Jul 122010

A Ride the Duck DUKW in Seattle, similar to the amphibious vessel which sank in the Delaware

From the US National Transportation Safety Board:

In its continuing investigation of a collision involving a barge and an amphibious passenger vessel, the National Transportation Safety Board has developed the following actual information:

On Wednesday July 7, 2010, about 2:36 pm, the 250-foot long empty sludge barge The Resource, which was being towed alongside by the 75.5 foot-long towing vessel M/V Caribbean Sea, collided with the anchored amphibious small passenger vessel the DUKW 34 in the Delaware River, near Philadelphia, PA. On board the DUKW 34 were 35 passengers and two crewmemers, and on board the Caribbean Sea were five crewmembers.

About 5 to 10 minutes before the accident, the DUKW 34 was northbound in the river and experienced a mechanical problem that led the master to anchor his vessel. At that time, the DUKW 34 was on its normal route about 150 feet from shore and within the Delaware River Channel (navigation channel).

The Caribbean Sea was also northbound in the Delaware River Channel traveling about 5 knots. The bow of the barge The Resource struck the stern of the DUKW 34, which resulted in the DUKW 34 sinking in about 55 feet of water. As a result of the accident, two passengers on the DUKW 34 were fatally injured and 10 passengers suffered minor injuries.

The crew of the DUKW 34, a master and a deckhand, were interviewed on July 9th. They told investigators that their radio calls to the Caribbean Sea received no response. The NTSB has also interviewed the operators of several vessels in the area at the time of the accident, and they stated that they recalled hearing the DUKW 34’s radio calls on channel 13.  Although not all radio channels are recorded, the NTSB is attempting to verify this information.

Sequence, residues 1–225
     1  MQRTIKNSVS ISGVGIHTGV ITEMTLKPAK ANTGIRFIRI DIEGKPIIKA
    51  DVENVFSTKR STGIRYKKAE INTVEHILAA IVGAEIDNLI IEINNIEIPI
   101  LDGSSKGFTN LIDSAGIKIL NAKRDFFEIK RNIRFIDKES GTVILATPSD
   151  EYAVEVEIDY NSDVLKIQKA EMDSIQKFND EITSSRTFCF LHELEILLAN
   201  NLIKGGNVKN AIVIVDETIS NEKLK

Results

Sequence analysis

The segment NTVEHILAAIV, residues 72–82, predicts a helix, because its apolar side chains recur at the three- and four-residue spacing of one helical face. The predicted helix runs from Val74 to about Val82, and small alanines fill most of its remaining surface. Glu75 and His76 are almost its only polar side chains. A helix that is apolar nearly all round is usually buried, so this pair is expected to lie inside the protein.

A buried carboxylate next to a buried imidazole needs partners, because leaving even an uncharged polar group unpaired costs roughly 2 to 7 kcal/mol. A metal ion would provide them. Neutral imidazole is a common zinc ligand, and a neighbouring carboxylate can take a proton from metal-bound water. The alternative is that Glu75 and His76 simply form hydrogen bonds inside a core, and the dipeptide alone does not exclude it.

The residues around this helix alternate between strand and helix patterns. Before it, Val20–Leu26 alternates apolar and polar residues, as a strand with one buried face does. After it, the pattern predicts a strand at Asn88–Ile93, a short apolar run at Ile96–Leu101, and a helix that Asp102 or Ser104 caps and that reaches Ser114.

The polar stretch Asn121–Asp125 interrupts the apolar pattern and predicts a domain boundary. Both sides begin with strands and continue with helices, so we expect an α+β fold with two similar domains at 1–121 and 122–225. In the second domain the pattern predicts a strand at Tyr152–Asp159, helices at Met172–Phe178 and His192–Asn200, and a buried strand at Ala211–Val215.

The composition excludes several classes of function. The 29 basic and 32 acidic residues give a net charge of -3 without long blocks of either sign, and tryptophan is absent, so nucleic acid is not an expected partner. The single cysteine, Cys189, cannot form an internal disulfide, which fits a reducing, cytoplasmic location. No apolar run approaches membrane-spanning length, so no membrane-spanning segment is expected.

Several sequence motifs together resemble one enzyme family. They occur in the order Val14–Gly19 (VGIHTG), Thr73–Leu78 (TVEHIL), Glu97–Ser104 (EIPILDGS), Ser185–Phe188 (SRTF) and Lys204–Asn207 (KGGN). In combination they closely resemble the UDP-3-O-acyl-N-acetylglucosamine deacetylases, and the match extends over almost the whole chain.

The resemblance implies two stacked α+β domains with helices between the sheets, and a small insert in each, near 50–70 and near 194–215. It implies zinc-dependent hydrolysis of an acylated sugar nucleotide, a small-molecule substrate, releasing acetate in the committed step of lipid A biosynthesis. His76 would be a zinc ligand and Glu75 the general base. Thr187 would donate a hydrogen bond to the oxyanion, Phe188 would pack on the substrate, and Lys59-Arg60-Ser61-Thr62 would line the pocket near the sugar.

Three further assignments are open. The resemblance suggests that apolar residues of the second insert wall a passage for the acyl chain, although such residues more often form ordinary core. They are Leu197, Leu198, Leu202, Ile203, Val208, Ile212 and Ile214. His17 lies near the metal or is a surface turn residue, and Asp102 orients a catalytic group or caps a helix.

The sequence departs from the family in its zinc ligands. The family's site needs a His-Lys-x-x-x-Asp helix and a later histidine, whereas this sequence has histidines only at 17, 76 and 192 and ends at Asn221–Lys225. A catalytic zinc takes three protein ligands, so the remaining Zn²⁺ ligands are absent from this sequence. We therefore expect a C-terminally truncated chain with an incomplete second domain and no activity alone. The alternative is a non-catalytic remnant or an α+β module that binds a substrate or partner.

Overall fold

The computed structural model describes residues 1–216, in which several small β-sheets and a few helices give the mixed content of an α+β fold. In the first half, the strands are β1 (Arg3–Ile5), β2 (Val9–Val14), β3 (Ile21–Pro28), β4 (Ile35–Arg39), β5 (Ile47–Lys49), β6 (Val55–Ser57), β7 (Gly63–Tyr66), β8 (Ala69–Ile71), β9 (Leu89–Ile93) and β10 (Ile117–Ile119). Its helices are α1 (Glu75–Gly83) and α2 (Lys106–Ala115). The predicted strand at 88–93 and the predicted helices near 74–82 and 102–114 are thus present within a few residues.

The crew of the Caribbean Sea consisted of a master, a mate, an engineer, and two deckhands.  Except for the mate and a deckhand who was asleep at the time of the accident, the NTSB interviewed the crew of the Caribbean Sea on July 10th.

When the NTSB sought to interview the mate, he exercised his Fifth Amendment right and refused to meet with investigators.

Investigators are continuing to examine and document the structural damage of both vessels and will attempt to determine the nature of the mechanical problem that affected the DUKW 34 before the accident. Investigators have collected photographs and video that may provide further information regarding the accident sequence and will be working to develop a chronology of events leading up to the accident. The Caribbean Sea’s GPS and electronic chart navigation devices were removed from the vessel and taken to NTSB Headquarters for analysis.

The NTSB is coordinating and working closely with the Coast Guard during this investigation.  The NTSB also acknowledges the continued support and cooperation of the other parties involved, including Ride the Ducks of Philadelphia and K-Sea Transportation.

The NTSB’s investigation continues.

MAC note: In 1999 a Ride The Ducks Amphibious Passenger Vehicle, Miss Majestic, sank in Lake Hamilton, near Hot Springs, Arkansas. 13 lives were lost. NTSB says that the probable cause of the uncontrolled flooding and sinking of the Miss Majestic was the failure of Land and Lakes Tours, Inc., to adequately repair and maintain the DUKW. Contributing to the sinking was a flaw in the design of DUKWs as converted for passenger service, that is, the lack of adequate reserve buoyancy1 that would have allowed the vehicle to remain afloat in a flooded condition. Contributing to the unsafe condition of the Miss Majestic was the lack of adequate oversight by the Coast Guard. Contributing to the high loss of life was a continuous canopy roof that entrapped passengers within the sinking vehicle.

On April 1, 2010, a duck boat in Philadelphia, Pennsylvania became disabled when a piece of debris on the Delaware River lodged in the rudder. The captain was able to use an auxiliary cable to steer the boat and continue the tour.

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